With a packed schedule, we knew we'd need more time at IROHA.
So guess where we were the next morning...
In the last post we were simply overwhelmed by the IROHA community. With about 30 people at the circuit it was hard to relax and take in everything. So this day was a Monday to chill out and try to learn something more.
a couple of the local Iroha drivers attended with us and it made the day so amazing. I learned so much.
After spending a good hour or so checking out specs of a couple of chassis, I handed over my DRB-REW to the owner of Iroha.
No slouch at the controls himself it seems although the previous evening his was predominantly on the Video Camera.
Starting smoothly and getting used to my DRB he was kind of taking it easy.
Over the next 30 minutes or so I witnessed the stability that wasn't there in my own technique.
Smooth and no hint of the knife-edge style that I believed the chassis had.
So I took in as much as I could visually. But why wasn't I seeing as much angle as we usually do.
With some encouragement by me to push the REW bit harder... A big smile started to appear.
I was happy taking photos of my machine on this amazing circuit.
There's some great detail around this place.
fantastic lighting and the sum of the whole looks great!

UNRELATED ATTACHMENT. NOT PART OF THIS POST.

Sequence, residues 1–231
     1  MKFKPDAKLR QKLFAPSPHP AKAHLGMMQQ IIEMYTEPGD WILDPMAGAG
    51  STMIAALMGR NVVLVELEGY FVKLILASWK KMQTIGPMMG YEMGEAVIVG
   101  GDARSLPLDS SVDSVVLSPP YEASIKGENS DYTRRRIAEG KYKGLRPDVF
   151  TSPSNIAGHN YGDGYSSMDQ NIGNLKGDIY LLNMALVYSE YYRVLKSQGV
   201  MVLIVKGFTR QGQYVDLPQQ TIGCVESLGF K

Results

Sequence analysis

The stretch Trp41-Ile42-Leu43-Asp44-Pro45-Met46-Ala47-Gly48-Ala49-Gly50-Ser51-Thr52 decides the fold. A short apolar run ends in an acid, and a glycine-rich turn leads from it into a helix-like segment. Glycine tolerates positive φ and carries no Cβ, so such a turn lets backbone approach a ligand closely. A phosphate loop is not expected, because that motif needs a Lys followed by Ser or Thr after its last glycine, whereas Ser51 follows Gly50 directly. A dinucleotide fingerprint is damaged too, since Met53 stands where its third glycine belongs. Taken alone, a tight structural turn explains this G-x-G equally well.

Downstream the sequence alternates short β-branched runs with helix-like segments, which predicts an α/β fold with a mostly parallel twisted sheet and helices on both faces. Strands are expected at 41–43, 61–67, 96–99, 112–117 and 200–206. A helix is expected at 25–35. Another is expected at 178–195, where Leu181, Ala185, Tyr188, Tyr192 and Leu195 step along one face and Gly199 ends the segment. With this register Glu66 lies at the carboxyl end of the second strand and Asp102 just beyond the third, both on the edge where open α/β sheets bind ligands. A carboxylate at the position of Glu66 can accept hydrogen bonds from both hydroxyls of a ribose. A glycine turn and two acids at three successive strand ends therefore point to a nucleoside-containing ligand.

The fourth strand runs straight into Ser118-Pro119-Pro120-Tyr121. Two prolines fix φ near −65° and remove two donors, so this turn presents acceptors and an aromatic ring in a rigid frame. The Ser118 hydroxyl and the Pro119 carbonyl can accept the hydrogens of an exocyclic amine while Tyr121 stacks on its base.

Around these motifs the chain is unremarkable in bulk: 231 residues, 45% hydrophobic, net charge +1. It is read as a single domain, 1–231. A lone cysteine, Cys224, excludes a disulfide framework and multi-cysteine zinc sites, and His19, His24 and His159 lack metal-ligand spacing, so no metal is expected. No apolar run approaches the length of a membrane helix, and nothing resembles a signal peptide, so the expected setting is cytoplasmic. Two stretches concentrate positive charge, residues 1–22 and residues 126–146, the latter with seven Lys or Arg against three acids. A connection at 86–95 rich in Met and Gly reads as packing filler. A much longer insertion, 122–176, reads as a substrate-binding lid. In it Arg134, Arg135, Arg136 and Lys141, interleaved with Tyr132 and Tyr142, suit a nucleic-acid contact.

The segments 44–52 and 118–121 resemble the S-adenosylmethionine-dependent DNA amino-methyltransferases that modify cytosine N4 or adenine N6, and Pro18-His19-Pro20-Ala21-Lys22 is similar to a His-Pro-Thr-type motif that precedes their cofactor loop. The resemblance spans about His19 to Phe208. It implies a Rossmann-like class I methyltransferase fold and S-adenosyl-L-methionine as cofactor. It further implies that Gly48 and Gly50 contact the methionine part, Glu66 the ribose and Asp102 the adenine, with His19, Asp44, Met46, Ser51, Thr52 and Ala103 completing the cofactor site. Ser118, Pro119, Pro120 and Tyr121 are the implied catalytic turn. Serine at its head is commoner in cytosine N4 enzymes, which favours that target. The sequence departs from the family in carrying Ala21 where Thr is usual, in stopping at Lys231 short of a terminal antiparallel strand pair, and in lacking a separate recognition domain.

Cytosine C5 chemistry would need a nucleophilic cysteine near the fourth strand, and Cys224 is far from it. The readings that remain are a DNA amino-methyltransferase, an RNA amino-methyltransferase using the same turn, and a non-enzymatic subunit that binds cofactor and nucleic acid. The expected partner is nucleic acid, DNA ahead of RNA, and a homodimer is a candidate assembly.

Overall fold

Ducking in and out of the scenery is great.
Without these small items, a focal point would be quite difficult. But it was actually the smoothness and wheel speed that I was watching very closely.
Anyway, those big braking entries were appearing lap after lap...
It was great to get some shots like this.
This is a Typical sequence from a lot of similar laps. Cranked!
Settled on Line
And driving through.
So then it was our turn... I can't remember if this was Dave and I driving our cars or Iroha members... perhaps the latter.
Because I was really enjoying this S15 and it's loose beast underneath. While Dave was enjoying this VX-Dock YD-2 Mark X
Trying different cars helps build your knowledge base and reference points.
to see whats possible.
100 degree output.
With driving techniques so hard to describe in text...
All I can say is... you have to be smooth to be aggressive.